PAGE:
He makes timely big plays, but he’s a Mississippi State quarterback wearing an LSU uniform.
But that just makes one, glaringly positive fact about his career even more jarring.
Say what you will about Jefferson, but he’s the one quarterback credited with two victories over Alabama in the Nick Saban era.
If Jefferson makes it three in Monday’s BCS Championship, well, he’ll make it three and lead LSU to a BCS championship. He’d make it two victories over Saban-era Alabama in one season.
Just let that sink in for a second, because one would think it would take a lot more quarterback than Jefferson to win twice against Alabama’s defenses the past five years.
It’s no given that Cam Newton could have done it. Last season’s Heisman Trophy winner and owner of one of the best seasons ever by a college quarterback had to rally Auburn from a 24-0 hole for a one-point win in his one crack at the Crimson Tide.
Florida’s Tim Tebow, one of college football’s most successful quarterbacks over a four-year span, played Saban’s Alabama teams in consecutive SEC Championships. He rejoiced after the first and cried after the second.
Matthew Stafford led Georgia to an overtime victory at Alabama in 2007. In 2008, Alabama blacked him out.
And while we’re name dropping, Arkansas’ Ryan Mallett was 0-2.
The list of quarterbacks who beat Sana’s Alabama teams just once list includes Tebow, Newton, Stafford, Florida State’s Xavier Lee, LSU’s Matt Flynn, Mississippi State’s Wesley Carroll, Louisiana-Monroe’s Kinsmon Lancaster, Auburn’s Brandon Cox, South Carolina’s Stephen Garcia and Utah’s Brian Johnson.
Six of those won against the team Saban inherited in 2007 — a team that at least fought off a comeback in relief by Houston’s Case Keenum.
The list of one-time winners against Saban’s Alabama teams includes three current NFL starters and a backup who looked good in Green Bay’s regular-season finale. Newton and Stafford were No. 1 overall draft picks.
And then there’s Jefferson --- yes, Jordan Jefferson --- and his 2-1 record against Alabama from 2009 on.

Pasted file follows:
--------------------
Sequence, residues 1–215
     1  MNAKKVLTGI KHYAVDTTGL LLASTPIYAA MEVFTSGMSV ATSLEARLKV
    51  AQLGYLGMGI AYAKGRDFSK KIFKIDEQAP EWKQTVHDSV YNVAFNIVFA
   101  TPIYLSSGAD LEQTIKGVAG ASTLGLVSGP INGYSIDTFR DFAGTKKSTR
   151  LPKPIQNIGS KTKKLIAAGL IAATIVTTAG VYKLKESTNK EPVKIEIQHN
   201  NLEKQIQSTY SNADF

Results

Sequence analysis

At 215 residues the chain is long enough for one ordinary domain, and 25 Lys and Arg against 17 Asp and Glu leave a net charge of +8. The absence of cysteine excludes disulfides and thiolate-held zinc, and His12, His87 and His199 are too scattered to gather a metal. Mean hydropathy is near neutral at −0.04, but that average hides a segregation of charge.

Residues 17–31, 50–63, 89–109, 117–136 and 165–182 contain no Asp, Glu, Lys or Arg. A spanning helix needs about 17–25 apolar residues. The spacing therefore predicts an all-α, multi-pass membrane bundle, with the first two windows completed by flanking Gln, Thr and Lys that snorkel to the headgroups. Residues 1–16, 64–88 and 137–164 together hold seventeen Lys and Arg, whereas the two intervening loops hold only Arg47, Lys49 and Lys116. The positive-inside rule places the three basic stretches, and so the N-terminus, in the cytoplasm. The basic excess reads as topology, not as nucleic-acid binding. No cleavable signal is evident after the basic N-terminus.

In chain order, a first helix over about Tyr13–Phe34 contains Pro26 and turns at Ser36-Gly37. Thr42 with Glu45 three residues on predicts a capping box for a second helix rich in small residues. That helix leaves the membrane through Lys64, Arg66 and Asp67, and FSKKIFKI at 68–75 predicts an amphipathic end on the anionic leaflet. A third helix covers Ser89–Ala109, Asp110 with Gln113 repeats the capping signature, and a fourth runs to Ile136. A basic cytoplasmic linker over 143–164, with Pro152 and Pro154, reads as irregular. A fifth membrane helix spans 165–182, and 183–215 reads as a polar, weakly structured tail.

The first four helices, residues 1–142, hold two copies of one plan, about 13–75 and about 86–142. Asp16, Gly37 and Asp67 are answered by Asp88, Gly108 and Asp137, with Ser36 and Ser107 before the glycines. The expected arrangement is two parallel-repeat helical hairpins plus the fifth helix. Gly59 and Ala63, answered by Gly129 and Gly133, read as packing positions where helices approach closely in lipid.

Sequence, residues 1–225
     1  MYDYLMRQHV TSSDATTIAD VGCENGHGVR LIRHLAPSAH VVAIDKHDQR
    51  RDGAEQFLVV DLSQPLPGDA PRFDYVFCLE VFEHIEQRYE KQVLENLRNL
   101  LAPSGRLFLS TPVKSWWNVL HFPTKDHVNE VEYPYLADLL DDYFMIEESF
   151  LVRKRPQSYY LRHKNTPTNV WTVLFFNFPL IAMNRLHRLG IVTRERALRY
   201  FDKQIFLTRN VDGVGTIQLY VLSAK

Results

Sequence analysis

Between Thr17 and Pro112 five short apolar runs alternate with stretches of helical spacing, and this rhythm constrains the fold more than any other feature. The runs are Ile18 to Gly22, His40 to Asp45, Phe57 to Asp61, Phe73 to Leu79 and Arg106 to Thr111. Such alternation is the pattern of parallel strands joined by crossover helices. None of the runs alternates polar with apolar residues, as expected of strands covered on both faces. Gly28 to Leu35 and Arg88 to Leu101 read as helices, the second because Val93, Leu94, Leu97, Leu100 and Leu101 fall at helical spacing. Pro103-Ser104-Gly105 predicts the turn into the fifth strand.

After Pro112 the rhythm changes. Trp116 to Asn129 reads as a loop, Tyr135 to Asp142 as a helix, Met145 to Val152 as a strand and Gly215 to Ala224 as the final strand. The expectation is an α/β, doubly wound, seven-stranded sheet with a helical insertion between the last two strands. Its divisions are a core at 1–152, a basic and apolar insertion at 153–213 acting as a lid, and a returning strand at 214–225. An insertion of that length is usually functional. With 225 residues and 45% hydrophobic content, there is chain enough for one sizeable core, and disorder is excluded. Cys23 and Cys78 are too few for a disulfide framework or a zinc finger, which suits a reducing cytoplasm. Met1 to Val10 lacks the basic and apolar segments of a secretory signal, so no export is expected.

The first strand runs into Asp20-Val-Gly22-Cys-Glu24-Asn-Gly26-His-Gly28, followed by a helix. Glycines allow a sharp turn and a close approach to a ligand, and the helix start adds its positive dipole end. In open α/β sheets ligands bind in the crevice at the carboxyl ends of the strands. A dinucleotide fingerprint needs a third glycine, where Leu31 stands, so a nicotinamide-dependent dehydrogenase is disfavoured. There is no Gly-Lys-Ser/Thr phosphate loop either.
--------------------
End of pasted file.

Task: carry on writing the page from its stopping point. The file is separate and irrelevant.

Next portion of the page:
Caveat it all you want.
Yes, Jefferson has always had strong teams around him at LSU. So did Tebow, Stafford and Mallett, and Jefferson was a huge factor in both LSU victories over Alabama on his watch.
One of Jefferson’s victories came at LSU, but one came at Tuscaloosa. Since the start of the 2008 season, only Jefferson and Newton have won at Tuscaloosa.
Both LSU victories over Alabama on Jefferson’s watch involved games with huge stakes. A one-loss Alabama team was playing to keep its national title hopes alive in 2010, and he did it in the so-called “Game of the Century” this season.
That he gets a shot in Game of the Century II --- this time with the BCS title on the line --- forces an attempt to explain how an average SEC quarterback like Jefferson does it against Saban-era Alabama.
He did it with his hardly prolific arm in 2010, playing one of the best games of his career to that point. Breakdowns in Alabama’s secondary helped.
He did it with his legs in November, coming on in relief of Jarrett Lee and throwing a read-option curve at an Alabama defense that has issues against the option.
Quarterbacks that have had success against Saban’s Alabama defenses from 2008 on tend to be dual-threat types. Having a complement of running backs good enough to make some sort of option effective is a plus.
But one senses something deeper here, more than Xs and Os.
There’s something about Alabama that seems to bring out Jordan’s best, especially since the Tide’s 2009 defense hit him often and knocked him silly while beating LSU 24-15.
Jefferson doesn’t seem intimidated by Alabama, and the duress Alabama brings seems to focus him --- at least in spurts long enough to make big plays.
Maybe the answer is to play more of a read-and-react scheme against him. Make him hold the ball longer and think more, both in the passing and option games.
Whatever it takes, Alabama must find a way to solve the mystery of Jefferson’s success. As hard as it is to explain his 2-1 record against Saban-era Tide defenses, try explaining 3-1.
Joe Medley is The Star’s sports columnist. He can be reached at 256-235-3576 or firstname.lastname@example.org. Follow on Twitter @jmedley_star.